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In ‘Response Victory,’ Stingy Pens Give Stars Nothing

The Penguins outdid a Ken Hitchcock team on the defensive side of the puck. Wonders never cease.



Jamie Oleksiak gets a stick on Jason Spezza during Sunday's 3-1 Penguins win at PPG Paints Arena. - Jeanine Leach / Icon Sportswire

PITTSBURGH — The Penguins and Stars entered Sunday night with the exact same number of points in the standings, but in very different situations.

While Dallas had to gun for points above all else, since it’s clutching a mere wild-card spot in the Western Conference, Pittsburgh has climbed to the upper reaches of the Metropolitan Division, so it could focus on honing its game for the coming playoffs.

Making for even more of a test, the Penguins had played a so-so game in Toronto the night before, getting hornswoggled out of a goal via a dubious replay review, to boot. Taking on the talented, big-bodied Stars on short rest would replicate postseason difficulty about as well as any March game could.

So now you understand why all involved on the home side were so impressed with their stifling performance in a 3-1 defeat of Dallas at PPG Paints Arena.

“Those are the kind of wins you like to see,” said Jamie Oleksiak, who just so happened to bury a goal against his former squad in addition to stymieing the Stars in his own end.

“Overall this was a really good game for us,” said Patric Hörnqvist, whose power-play goal polished up a sluggish start to the game. “That was the best game we’ve played defensively in a long, long time.”

“You could tell by the way we played tonight that we’re trying to get into playoff mode,” said Casey DeSmith, who faced just 18 shots. “It was that kind of game. It was a playoff effort for sure.”

Hey, when the goalie is gushing like that, you know it’s real. The Penguins (40-26-4) collected their 14th win in 15 home games in a fashion that left nothing to chance, to paraphrase DeSmith. Alex Radulov‘s partial breakaway in the first was DeSmith’s stoutest challenge, and Radulov’s goal in the second period arrived during a two-man Dallas advantage.

By any measure, this was a defensive showcase by a team better known for its push-the-pace attack. Despite boasting top-shelf playmakers like Radulov, Tyler SeguinJamie Benn and John Klingberg, the Stars (38-25-6) mustered just 28 even-strength shot attempts, tying the lowest total by a Penguins opponent this season.

Per Natural Stat Trick, dangerous Dallas had but five high-danger scoring chances at five-on-five. The Penguins didn’t light it up themselves, creating eight, but in the second half of a back-to-back situation, that was about as airtight of a performance as possible.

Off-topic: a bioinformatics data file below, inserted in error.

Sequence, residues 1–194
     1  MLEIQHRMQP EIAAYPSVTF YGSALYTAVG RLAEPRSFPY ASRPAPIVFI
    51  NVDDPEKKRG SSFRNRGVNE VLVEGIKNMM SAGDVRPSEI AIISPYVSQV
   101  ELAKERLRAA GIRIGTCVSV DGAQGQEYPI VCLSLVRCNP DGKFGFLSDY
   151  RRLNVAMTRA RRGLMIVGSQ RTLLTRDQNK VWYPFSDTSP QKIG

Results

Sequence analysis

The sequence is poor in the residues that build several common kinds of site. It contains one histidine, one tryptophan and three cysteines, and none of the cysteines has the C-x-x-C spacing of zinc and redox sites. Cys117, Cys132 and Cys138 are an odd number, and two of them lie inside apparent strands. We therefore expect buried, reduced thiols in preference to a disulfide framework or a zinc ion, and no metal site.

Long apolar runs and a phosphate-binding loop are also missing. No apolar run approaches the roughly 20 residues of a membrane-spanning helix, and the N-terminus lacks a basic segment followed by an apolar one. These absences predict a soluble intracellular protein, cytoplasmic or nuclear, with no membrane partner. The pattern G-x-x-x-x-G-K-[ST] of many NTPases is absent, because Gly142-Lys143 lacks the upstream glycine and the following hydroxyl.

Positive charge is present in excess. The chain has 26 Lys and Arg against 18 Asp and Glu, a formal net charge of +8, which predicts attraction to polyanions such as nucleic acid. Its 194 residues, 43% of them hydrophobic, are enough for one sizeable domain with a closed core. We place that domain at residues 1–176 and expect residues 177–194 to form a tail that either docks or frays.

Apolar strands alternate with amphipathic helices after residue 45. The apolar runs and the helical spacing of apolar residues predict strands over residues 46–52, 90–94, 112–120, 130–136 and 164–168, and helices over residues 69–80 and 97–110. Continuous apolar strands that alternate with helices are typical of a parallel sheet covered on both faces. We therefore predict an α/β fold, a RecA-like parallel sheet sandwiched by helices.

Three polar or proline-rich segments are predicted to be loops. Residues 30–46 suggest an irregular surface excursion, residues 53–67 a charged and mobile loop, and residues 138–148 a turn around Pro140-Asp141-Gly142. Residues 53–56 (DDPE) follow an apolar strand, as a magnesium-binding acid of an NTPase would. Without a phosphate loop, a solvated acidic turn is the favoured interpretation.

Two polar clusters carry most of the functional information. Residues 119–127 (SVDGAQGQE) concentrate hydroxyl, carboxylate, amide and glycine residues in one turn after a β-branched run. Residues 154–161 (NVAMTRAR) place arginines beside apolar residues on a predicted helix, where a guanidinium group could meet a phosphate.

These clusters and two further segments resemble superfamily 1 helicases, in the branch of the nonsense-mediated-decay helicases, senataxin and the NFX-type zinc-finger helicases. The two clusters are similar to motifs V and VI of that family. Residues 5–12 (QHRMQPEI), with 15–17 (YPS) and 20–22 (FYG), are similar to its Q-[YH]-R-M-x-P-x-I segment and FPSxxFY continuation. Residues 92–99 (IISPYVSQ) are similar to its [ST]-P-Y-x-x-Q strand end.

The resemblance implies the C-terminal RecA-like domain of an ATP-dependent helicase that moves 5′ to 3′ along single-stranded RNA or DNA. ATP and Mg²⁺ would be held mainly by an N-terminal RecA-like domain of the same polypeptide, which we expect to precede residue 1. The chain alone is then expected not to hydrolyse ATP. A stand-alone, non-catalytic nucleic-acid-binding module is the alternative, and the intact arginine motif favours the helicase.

“That’s a team that has some dynamic people offensively,” Mike Sullivan reiterated afterward. “To limit them to the shots that they had, and the number of chances they had, that’s not an easy task. I thought top to bottom our team defense was as good as we’ve been all year. That’s what I told the guys after the game: ‘We’re capable of being every bit as good defensively as we are offensively when we pay attention to the details.'”

Thrived on Physicality

I will have more analysis on our Patreon page but suffice it to say the Penguins didn’t allow the Stars’ rough play to rattle them. Instead, they thrived off it, with none other than scoring-title hopeful Evgeni Malkin throwing two massive checks in the opening frame, one on Klingberg and the other on fellow Dallas defenseman Stephen Johns, a Western Pennsylvania native.

“Right away, first shift, we showed them we are ready to play,” Malkin said, before verbally shrugging off the empty-net goal that pulled him within one of Alex Ovechkin for the league lead.

“We understand we aren’t a tough team, but tonight it was the hardest played game I’ve ever seen.”

On the first night of a six-game trip, some of the Stars seemed flustered when the Penguins kept their heads down. Five minor penalties in the first two periods — four of them the violent variety — kept Dallas from giving much ice time to its top guns until the third period.

“We knew it was going to be a physical game,” Sullivan said. “We knew they were going to try to use their aggression against us. I was really pleased with the focus I thought our guys had as far as trying to get to our game and not play somebody else’s game.”

Scoring on the power play helps, too, even if one of two conversions was wiped out by a ticky-tack offside review. Hörnqvist had to settle for one goal, not a deuce.

The Big Rig

Of course, the 6-foot-7 Oleksiak fit right in with that Dallas identity when he was employed there, although he couldn’t seem to put it all together with the team that drafted him in the first round several years ago.

With the Penguins, Oleksiak has sprinkled in a level of size and strength this blue line was short on for a while. Scoring a goal is always nice, he allowed, but he wouldn’t betray any extra satisfaction in denting the twine against the guys in Dallas green.

No matter, because the smile on his face belied contentment that was probably more team-oriented than anything else.

“Obviously our skill and our speed is kind of what we’re known for,” he said. “But a lot of our games, you’re not going to be able to get away with outscoring the other team. I think you’ve gotta shut ’em down defensively and we did that tonight. … It was a good response victory for us. They’ve got a lot of skill and talent on that team.”

Yes, the Penguins outdid a Ken Hitchcock team on the defensive side of the puck. Wonders never cease.

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